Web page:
It’s been so hellishly busy here, what with my pirate treasure map talk and numerous real life issues to deal with *sigh*, that the list of Cipher Mysteries posts I need to write is now about thirty entries long. I’ll try and clear this over the coming months… but please bear with me as I do, ’cause I’m only ‘uman, geez. 🙂
Anyway, #1 on my list is a review of “An Anthology of Asemic Writing”, edited by Tim Gaze and Michael Jacobson (Uitgeverij, 15 euros). (You may remember my 2010 review of Michael Jacobson’s asemic “Action Figures” and “The Giant’s Fence”.)
The present anthology’s structure is of a long sequence of single-sheet images of asemic writing, arranged alphabetically by author’s surname (Reed Altemus, Miekal And, Rosaire Appel, etc). There’s a surprising range of categories represented: some are obviously inspired by Arabic, Chinese, or Japanese calligraphy, while others come across more as works of art with vaguely language-like scrawls (closer to an edgy kind of linguistic madness) or just scribbles.
In many ways, I’d say, the way the book ended up is more of a ‘showcase’ than an ‘anthology’. With my own book editor hat one, I’d have preferred the pages to have been grouped thematically or stylistically rather than alphabetically. Basically, it’s always going to be tough on “readers” (“observers”?) to jump from Hélène Smith’s Martian to Lin Tarczynski’s brutal black and white forms, and I found such sharp page-to-page contrasts more annoying than enlightening.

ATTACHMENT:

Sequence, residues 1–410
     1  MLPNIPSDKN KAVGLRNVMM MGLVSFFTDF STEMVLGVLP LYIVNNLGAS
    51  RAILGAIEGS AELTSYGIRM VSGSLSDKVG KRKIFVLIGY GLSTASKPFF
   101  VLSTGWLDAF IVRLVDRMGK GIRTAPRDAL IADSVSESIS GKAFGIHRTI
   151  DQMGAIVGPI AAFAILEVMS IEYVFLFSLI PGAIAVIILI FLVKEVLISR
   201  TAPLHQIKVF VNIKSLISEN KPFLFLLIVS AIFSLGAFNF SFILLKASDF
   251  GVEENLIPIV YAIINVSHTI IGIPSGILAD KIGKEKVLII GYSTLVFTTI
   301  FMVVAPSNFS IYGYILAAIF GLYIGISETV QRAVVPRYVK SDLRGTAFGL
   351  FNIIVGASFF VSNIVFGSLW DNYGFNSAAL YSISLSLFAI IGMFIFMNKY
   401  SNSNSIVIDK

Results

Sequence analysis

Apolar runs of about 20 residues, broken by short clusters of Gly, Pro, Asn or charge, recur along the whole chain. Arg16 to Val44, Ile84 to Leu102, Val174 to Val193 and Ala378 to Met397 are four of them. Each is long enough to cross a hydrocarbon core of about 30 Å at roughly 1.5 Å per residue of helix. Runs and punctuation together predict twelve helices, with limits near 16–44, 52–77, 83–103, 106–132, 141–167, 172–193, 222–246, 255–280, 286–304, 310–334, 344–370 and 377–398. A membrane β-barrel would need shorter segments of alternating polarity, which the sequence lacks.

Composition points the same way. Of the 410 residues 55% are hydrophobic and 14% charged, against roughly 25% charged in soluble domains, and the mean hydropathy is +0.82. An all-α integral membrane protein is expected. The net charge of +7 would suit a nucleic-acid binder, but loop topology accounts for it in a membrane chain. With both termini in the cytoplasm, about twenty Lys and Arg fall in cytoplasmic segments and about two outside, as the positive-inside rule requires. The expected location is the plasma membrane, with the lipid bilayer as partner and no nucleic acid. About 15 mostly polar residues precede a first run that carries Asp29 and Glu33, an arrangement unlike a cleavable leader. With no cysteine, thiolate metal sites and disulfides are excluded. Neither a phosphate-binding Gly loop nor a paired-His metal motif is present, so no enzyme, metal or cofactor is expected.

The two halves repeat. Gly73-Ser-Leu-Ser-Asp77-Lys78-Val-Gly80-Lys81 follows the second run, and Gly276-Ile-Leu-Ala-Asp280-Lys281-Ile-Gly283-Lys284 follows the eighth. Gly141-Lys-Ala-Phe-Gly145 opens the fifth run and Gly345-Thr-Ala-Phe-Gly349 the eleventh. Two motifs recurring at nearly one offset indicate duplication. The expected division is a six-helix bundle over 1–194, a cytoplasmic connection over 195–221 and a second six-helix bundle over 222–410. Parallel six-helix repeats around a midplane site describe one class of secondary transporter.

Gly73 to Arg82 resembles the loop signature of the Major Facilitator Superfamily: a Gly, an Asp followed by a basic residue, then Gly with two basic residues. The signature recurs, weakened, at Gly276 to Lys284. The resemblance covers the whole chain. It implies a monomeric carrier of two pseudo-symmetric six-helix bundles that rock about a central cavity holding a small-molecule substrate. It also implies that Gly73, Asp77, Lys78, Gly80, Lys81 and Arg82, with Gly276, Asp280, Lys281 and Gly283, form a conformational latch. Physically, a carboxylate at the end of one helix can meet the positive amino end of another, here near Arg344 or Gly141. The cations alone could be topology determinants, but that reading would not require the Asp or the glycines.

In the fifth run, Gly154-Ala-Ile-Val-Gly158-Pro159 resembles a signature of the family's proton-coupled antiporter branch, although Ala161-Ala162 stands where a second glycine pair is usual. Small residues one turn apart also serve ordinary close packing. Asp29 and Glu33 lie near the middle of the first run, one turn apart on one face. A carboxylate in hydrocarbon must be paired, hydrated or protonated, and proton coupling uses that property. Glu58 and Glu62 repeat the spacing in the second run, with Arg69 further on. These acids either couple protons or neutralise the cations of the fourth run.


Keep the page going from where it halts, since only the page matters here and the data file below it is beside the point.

For me, Michael Jacobson’s “The Giant’s Fence” still remains a properly asemic work, in that it actively plays with our expectations of form and content, while not taking itself too seriously. Many of the artists and creators highlighted in this work seem far too deadpan and only peripherally asemic for my personal taste: but perhaps that’s the many-headed nature of asemicism (?) – perhaps the best to be expected from this book, then, would be that everyone will get flashes of different things from it, while fast-forwarding past the remainder.
As with asemic writing in general, make of it what you will! 😉